The competence of the delivery agents is extremely variable with some unable to read street signs and house numbers whilst others able to quickly arrive at the correct premises. In our test period we found that around 80% of agents found the property quickly and easily (it is very obvious and clearly marked) with the other 20% ranging from wandering around, going to the wrong premises and even just dumping the food and running after marking it delivered. There is no way on Deliveroo to rate the agent (rider) or even the restaurant so deliveroo has no way to track performance and penalise those who fail miserably and this I think is an area that needs urgent improvement. 

In the event that the agent just cut and run, or delivered the wrong order, Deliveroo were quick to respond and just refunded our order, which was great for us but I'm not sure if that information is fed back into the network to penalise the rider or outlet for their respective cockup. 



A latecomer to the food delivery business, Ubereats seeks to capitalise on its taxi business by using that same resource to deliver food, and why not. The UberEats website rejects our email address as 'invalid' even though its not of course, and further demands a mobile phone number before it will proceed. We used an iPad Pro with a SIM card as the mobile number, and had to register up a gmail account to get past the invalid email nonsense. Poor design and coding aside we eventually managed to get registered and a text message was sent to our iPad with a code to verify and we're up and running. This 'verification code' isn't a one off, you'll be hassled to enter it time and time again for some unfathomable reason and this is a real pain. 

The ordering process is very similar to Deliveroo, with a matrix of restaurants to select, food items to select and then the old basket add before checkout. One thing you do notice with UberEats is the multiple entries for the same restaurant at a different location. For McDonalds as an example we have 6 different listings for 6 different locations, and we have to choose which one we want. That makes no sense. Surely we should have one listing and UberEats Decides which outlet to order from based on distance? 

After we've check'ed out were presented with a similar screen to deliveroo showing the outlet and delivery agent and again this map updates periodically. As with Deliveroo UberEats suffers the same loooong delays on some deliveries simply because they don't have enough resource and allow delivery agents to pick and choose what they collect and deliver, but unlike Deiveroo, UberEats doesn't keep you informed of the process and your just left watching the map with the expected delivery time shifting further into the future with each update. In one instance we were waiting just over 2 hours for a delivery and there's no way to cancel it and no indication as to the holdup. This can be frustrating especially when your dinner break is an hour between 12:00 and 13:00. 

When considering delivery agents and their competence, UberEats was slightly better than Deliveroo with approximately 90% of agents finding the location and delivering the food quickly and easily. The remaining 10% just drove into the street and tried to call the mobile number that we'd been forced to use during registration, this is as I said before a SIM card in an iPad Pro so its not going to ring no matter how many times you call it. Some agents eventually prized themselves out of their cars and came to the gate whereas others just marked the food as delivered and drove off. UberEats DOES have a system to rate the delivery agent AND the restaurant and that's awesome, but, you don't get to choose who you have deliver the next order. When ordering your shown the rating of the delivery agent, but whether its 50% or 99% is pot luck and you don't get a say in it. The rating is however quite accurate and those with a low rating were indeed the ones who didn't show up or delivered our food elsewhere. One guy actually refused to come through our gate claiming he had a phobia of gates, but seriously how can you delivery food to the door when you can't get through a gate?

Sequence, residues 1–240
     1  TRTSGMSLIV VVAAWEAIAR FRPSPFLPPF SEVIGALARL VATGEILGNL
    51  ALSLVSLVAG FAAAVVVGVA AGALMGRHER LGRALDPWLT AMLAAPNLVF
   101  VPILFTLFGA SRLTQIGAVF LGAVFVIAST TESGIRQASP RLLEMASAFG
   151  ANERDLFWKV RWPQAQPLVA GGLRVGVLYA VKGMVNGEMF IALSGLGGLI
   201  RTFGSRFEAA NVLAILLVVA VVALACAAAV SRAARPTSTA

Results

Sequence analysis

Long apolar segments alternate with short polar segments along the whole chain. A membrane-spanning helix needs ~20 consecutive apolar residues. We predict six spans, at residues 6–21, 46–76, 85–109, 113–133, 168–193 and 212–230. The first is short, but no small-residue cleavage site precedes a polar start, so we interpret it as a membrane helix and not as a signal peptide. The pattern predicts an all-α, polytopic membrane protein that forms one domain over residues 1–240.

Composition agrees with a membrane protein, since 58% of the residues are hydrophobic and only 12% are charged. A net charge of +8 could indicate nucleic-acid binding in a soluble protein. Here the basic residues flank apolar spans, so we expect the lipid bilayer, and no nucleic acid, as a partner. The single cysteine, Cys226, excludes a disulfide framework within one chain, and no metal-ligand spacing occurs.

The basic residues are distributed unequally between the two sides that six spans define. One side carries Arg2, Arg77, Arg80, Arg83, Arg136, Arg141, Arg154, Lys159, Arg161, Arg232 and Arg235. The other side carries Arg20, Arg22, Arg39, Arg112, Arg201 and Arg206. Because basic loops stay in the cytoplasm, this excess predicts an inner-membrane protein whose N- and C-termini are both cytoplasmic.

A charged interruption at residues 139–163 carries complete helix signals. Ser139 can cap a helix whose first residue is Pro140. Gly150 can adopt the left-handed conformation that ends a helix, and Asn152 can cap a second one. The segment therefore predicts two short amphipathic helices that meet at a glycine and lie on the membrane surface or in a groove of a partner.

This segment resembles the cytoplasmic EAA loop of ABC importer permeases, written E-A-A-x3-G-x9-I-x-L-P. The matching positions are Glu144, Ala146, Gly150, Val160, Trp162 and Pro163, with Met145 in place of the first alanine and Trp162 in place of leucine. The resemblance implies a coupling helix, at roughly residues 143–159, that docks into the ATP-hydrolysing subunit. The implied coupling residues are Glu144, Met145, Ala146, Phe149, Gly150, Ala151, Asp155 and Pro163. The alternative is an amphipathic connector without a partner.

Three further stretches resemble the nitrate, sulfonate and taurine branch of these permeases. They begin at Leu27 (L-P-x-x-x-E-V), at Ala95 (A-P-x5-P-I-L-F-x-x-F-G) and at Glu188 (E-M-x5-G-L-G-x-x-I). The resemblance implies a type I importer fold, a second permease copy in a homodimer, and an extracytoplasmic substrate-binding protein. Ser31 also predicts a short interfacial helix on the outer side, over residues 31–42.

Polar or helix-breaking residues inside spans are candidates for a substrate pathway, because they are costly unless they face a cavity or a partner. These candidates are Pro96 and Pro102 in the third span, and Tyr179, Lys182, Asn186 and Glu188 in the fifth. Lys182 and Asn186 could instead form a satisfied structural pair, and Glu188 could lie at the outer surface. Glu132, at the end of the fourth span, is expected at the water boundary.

When there was a cockup, UberEats was nearly impossible to reach with us eventually having to leave a message via their website, and even then just trying to convey the issue presented many challenges. Out of the three, Ubereats has by far the worst support should you ever need to contact them. If you loose access to your email address or phone number then you are literally screwed as ubereats will only contact you on those and you can't change them without being able to reply to an email FROM the address you're trying to change. Considering this level of stupidity from Ubereats you may find yourself burning through a few accounts as its easier to just register up another account than try to fix the one you have. 

One point to note here, UberEats has absolutely no facility to change the mobile number you used when your signed up. We would have loved to change that to the office landline so we'd be able to receive calls, but we can't and we're stuck with a number from an iPad pro. 



Just-eat has been around for a while now and tends to offer restaurants that are further out of town and not available on the other two which is nice. Just-eat unlike Deliveroo and UberEats is not limited to city centre restaurants and for that we're grateful. 

The sign-up process was painless and unlike UberEats it accepted our email address and allowed us to enter a landline. The range of restaurants was reasonable and accessing them was also ok. The ordering process is a little more clunky than the other two but it's certainly do-able once you get used to having to 'Add' a subtraction to an order. The checkout process was fine but the post order tracking was less comprehensive. There was delivery tracking once it left the restaurant for some outlets and that seemed to work well but not for all. Each restaurant will use its own people to make the delivery so just-eat is simply the order taker, not the deliverer.